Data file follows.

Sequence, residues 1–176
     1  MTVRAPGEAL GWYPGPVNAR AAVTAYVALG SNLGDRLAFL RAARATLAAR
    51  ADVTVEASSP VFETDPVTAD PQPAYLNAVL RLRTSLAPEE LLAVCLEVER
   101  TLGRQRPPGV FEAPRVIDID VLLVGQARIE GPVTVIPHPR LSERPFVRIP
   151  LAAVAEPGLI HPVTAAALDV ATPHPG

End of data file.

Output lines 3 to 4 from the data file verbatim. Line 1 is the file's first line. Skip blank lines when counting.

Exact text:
    51  ADVTVEASSP VFETDPVTAD PQPAYLNAVL RLRTSLAPEE LLAVCLEVER
   101  TLGRQRPPGV FEAPRVIDID VLLVGQARIE GPVTVIPHPR LSERPFVRIP